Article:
In 2016, a court ordered Apple to create an update that would allow the FBI access to the contents of a smartphone used by one of the San Bernardino shooters. Such an update would make all iPhones more vulnerable to hacking, but law enforcement argued that assisting the investigation into the terrorist attack that killed fourteen people was more important than maintaining the privacy of people’s phones. Yet this was not a simple story of national security versus privacy. It was, in fact, a security versus security story.
While the FBI eventually found a way to unlock the phone without Apple’s help, the case raised critical questions for our digital age. Security—personal, business, and national—requires widespread use of strong encryption systems. That means encryption systems without back doors, front doors, or any other form of easy access. While encryption undoubtedly makes investigations harder to conduct, law enforcement has alternative tools at its disposal. If companies provide systems that make it easier for law enforcement to get into phones, they will reduce our security and increase the risk that others with less benevolent motives will take advantage of the weaknesses present in such “exceptional access.” They will also greatly reduce the value of smartphones serving as “two-factor authenticators.”
No device so essential to our security should be able to be turned into an eavesdropping system with ease. The more secure communications and smartphones are, the more secure and private all of us can be. In a world surrounded by networked smart devices and increasingly capable adversaries, the government’s responsibility is to protect us—and to enable us to secure ourselves.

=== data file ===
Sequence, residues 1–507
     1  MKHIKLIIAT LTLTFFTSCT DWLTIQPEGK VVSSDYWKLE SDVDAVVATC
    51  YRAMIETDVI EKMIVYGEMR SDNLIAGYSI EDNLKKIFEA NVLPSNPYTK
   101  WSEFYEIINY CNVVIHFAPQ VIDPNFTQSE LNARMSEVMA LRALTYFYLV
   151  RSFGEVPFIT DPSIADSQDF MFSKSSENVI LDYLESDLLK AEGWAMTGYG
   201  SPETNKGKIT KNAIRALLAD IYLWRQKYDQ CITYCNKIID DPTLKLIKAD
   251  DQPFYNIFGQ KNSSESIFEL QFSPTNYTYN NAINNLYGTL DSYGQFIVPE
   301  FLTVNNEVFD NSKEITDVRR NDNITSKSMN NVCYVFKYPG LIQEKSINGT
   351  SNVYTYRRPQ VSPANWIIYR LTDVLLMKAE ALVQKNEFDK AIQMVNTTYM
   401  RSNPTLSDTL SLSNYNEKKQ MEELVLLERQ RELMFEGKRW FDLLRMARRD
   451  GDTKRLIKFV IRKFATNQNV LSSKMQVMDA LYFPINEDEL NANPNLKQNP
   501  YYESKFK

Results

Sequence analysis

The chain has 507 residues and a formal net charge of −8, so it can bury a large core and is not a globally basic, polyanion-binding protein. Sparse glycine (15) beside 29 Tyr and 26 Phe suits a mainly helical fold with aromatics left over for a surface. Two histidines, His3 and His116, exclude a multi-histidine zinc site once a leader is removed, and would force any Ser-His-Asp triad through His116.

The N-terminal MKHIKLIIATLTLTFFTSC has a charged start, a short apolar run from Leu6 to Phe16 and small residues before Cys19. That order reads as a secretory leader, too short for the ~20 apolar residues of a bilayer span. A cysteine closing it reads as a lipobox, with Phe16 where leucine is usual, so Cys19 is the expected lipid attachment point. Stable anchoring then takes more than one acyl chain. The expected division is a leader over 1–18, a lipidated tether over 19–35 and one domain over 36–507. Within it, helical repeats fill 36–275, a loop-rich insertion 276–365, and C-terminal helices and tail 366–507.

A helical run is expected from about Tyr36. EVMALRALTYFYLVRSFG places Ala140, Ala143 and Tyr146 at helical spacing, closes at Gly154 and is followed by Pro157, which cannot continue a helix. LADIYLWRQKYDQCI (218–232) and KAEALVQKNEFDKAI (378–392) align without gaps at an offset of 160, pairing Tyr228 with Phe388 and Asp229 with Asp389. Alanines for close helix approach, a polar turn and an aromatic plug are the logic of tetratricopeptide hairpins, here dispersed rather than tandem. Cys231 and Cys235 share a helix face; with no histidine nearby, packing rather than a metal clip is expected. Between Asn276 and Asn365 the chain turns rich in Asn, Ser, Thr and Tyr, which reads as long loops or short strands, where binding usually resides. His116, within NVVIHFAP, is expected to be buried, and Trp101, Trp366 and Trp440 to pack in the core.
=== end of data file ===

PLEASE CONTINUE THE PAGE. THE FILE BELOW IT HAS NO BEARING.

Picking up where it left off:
Susan Landau is the Bridge Professor in Cybersecurity at the Fletcher School and the Tufts School of Engineering. This essay is adapted from her book, Listening In: Cybersecurity in an Insecure Age.
Tips to Protect Your Digital Identity
Landau offers these five basic rules for securing your devices.
1 Accept automatic updates for everything you use. “Don’t say I’m too busy now—just do it.”
2 Think before you click on a link or open an attachment—that’s the way most cyberexploits work.
3 Use two-factor authentication to log in to online accounts. Avoid text messages as a second factor; attackers can intercept them.
4 Be very careful about browsing on public Wi-Fi. Use a VPN.
5 Activate features such as Find My iPhone and an automatic Activation Lock, which prevents Find My iPhone from being shut off by thieves. It’s possible to circumvent such protections, but they have dramatically reduced theft of smartphones and, with it, theft of digital identities.